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Expelled-student-turned-life coach talks to Haverhill High in wake of school violence

HAVERHILL, Mass. — A former Haverhill High School student who was expelled more than two decades ago returned to campus Monday to talk to students in the wake of violence at the school.

Michy Morillo, who was expelled when she was 16 for drugs and other bad behavior, spoke to students during assemblies and an after-school event Monday.

“I was actually a juvenile delinquent from the ages of 14 to 18,” Morillo told Boston 25 News more than 25 years after her expulsion. “I am reaching back to those youth and helping them become the best version of themselves… They’re able to say – as someone that has been locked up 2, 3, 4 times – ‘If she can do it, I can, too.’”

Morillo, now a life coach living in Florida, has written a book, Cell Dreamer, for incarcerated youth. She tours the country sharing her story to empower kids to make positive choices and prevent going down the path she once took.

“There’s a reason kids behave the way they do, whether it starts at home or they want acceptance,” Morillo said. “As a coach, that’s what I tap into: ‘There’s a reason why you’re behaving the way you do. Is it for attention? Is it because you’re lacking something?’”

Like many schools across the state, Haverhill High School has had fights break out during school hours in recent weeks. This month, several students were involved in a large cafeteria brawl, leading to injuries, including a staff member. Seven students were criminally charged by police.

Violence Intervention & Prevention (VIP) Haverhill organized Monday’s events, inviting Morillo back to her hometown to share her message of being respectful and responsible and communicating rather than resorting to violence.

“Our mission is to promote peace and prevent violence throughout our schools and community here in Haverhill,” said program director Carol Ireland, who told Boston 25 News Morillo is getting through to youth who are struggling.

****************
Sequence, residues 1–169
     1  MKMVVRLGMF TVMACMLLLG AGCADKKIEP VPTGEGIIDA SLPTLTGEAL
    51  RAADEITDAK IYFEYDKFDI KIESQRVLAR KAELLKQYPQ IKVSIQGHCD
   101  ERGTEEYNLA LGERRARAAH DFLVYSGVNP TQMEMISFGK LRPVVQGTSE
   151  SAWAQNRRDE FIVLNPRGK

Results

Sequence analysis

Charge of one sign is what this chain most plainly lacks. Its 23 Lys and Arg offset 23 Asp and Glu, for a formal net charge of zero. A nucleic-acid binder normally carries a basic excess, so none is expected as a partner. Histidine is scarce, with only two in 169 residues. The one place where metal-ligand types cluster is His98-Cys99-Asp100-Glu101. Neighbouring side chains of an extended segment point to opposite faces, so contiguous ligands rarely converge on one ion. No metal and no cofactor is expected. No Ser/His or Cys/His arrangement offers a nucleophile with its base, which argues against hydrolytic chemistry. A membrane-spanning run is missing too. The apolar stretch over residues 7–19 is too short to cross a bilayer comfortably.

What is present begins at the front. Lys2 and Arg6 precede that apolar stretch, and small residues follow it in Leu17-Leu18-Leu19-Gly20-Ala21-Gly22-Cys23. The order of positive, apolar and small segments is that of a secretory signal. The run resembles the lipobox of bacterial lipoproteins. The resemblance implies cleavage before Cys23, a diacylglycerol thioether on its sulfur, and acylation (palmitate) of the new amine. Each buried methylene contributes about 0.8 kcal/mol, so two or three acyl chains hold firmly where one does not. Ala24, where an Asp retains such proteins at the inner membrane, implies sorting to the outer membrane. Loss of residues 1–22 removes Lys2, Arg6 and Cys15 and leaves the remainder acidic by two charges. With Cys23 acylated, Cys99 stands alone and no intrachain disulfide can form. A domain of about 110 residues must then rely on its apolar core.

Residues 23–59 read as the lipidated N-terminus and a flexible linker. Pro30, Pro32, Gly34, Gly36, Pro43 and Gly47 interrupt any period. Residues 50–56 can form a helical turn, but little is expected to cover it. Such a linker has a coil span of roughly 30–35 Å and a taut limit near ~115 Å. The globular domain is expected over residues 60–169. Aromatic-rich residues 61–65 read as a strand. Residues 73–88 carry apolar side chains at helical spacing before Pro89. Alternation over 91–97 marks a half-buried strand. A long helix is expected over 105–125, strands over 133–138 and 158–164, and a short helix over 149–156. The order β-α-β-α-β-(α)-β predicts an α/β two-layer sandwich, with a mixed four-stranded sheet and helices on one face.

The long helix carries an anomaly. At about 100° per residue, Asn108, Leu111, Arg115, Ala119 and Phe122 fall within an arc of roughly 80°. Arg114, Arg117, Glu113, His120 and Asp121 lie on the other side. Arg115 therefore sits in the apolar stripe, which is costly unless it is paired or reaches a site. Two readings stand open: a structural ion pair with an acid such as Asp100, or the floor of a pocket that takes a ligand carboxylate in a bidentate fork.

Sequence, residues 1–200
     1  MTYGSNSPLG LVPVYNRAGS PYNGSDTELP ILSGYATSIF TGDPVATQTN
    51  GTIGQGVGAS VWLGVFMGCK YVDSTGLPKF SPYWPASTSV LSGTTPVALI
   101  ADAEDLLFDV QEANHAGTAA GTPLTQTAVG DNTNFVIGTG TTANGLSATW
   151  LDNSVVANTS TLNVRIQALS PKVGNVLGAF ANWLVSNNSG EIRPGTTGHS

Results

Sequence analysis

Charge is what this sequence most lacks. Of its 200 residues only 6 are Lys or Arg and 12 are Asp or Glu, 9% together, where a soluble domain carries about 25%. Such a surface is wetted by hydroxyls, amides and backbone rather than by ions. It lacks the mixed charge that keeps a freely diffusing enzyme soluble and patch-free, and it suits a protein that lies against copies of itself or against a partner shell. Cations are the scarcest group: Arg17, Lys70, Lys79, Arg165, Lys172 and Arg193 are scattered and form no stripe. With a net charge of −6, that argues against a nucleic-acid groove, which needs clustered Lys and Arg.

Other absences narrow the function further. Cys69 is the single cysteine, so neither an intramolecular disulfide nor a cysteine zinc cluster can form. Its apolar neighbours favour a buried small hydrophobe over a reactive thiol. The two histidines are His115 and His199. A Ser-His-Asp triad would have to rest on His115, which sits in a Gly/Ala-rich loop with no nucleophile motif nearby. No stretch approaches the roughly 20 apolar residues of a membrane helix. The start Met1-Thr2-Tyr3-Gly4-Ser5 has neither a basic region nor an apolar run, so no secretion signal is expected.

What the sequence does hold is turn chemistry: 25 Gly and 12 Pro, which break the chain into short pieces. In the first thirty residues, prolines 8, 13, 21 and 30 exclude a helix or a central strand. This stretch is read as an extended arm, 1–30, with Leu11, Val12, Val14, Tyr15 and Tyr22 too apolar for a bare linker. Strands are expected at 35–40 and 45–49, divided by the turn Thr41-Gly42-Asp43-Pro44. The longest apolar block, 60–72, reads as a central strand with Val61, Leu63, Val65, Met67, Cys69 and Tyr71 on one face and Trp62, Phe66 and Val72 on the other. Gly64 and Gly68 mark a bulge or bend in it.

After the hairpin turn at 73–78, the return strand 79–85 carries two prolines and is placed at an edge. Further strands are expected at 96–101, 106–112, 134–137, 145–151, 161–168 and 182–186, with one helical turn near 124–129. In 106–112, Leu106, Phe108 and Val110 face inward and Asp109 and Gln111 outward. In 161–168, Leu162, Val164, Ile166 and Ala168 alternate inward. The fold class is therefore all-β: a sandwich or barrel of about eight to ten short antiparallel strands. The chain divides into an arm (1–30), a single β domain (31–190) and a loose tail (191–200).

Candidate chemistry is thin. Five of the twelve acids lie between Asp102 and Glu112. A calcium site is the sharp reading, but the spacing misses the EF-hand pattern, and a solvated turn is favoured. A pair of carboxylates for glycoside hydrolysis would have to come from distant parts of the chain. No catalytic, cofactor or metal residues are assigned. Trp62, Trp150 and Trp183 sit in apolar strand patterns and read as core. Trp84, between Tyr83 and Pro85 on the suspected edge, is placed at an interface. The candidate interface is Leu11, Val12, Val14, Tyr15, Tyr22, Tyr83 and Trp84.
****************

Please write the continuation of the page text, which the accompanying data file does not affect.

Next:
“Michy’s one of us,” added VIP Haverhill’s adviser. “Eridania Nieves. “Each and every one of [these students], they are important, and they need to hear that and feel that from someone that gets it and understands it… Her energy and her vibe, it’s what we need.”

After listening to Michy speak in class, dozens of students returned to school Monday night to continue the conversation. Some brought their parents.

“I really appreciated what she was saying. [I returned], so I could actually get the full experience,” said student Alexis Namulinda.

“The kids at our school are going to be able to relate to her more because she’s lived it,” said sophomore Gertrude Boakye. “It’s going to inspire kids to do better because I think as a school we all need to do better.”

Organizers believe the program is a positive step toward a safer school environment where the focus can be solely on education.

“There’s a lot of underlying factors to why kids become violent. And it’s not about finger pointing, and it’s not about one particular reason,” said middle school health teacher and VIP Haverhill adviser Lori Curry. “So, this is a piece of the puzzle that we’re trying to provide to hopefully show kids that there’s hope and that we never give up on our kids. That even when they’re at their worst, that we want to always believe that there’s something out there that will reach them.”

Morillo said she will follow up by Zoom in the coming weeks with students who want further assistance in making good choices and staying on the right path.

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